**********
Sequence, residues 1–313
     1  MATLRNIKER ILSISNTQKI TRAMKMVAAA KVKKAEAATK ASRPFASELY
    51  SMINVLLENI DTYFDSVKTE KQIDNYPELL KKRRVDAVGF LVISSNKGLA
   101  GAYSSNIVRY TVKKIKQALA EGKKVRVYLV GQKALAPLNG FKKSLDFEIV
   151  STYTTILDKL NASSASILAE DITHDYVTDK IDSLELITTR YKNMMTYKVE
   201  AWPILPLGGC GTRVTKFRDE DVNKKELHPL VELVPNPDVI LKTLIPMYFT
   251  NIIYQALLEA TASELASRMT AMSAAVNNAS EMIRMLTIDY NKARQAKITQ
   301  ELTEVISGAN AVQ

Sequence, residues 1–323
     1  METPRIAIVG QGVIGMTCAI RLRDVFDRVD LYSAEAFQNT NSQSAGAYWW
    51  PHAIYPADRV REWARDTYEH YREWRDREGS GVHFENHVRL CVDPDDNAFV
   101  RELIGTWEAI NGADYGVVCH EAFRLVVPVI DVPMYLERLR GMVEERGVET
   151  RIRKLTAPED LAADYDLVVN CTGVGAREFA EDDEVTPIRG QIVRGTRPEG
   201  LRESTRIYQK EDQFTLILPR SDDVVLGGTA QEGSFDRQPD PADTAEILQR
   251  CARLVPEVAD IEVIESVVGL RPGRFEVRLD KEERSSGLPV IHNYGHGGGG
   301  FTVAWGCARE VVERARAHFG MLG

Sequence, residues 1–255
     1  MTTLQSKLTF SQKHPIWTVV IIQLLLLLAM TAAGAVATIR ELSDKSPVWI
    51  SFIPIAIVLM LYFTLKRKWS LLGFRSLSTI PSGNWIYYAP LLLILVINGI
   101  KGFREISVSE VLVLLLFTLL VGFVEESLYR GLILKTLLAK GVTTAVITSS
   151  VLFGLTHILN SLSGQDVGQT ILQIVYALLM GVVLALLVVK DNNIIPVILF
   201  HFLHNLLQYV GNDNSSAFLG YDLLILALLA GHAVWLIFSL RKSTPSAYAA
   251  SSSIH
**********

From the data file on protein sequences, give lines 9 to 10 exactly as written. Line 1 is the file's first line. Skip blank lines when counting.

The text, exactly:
Sequence, residues 1–323
     1  METPRIAIVG QGVIGMTCAI RLRDVFDRVD LYSAEAFQNT NSQSAGAYWW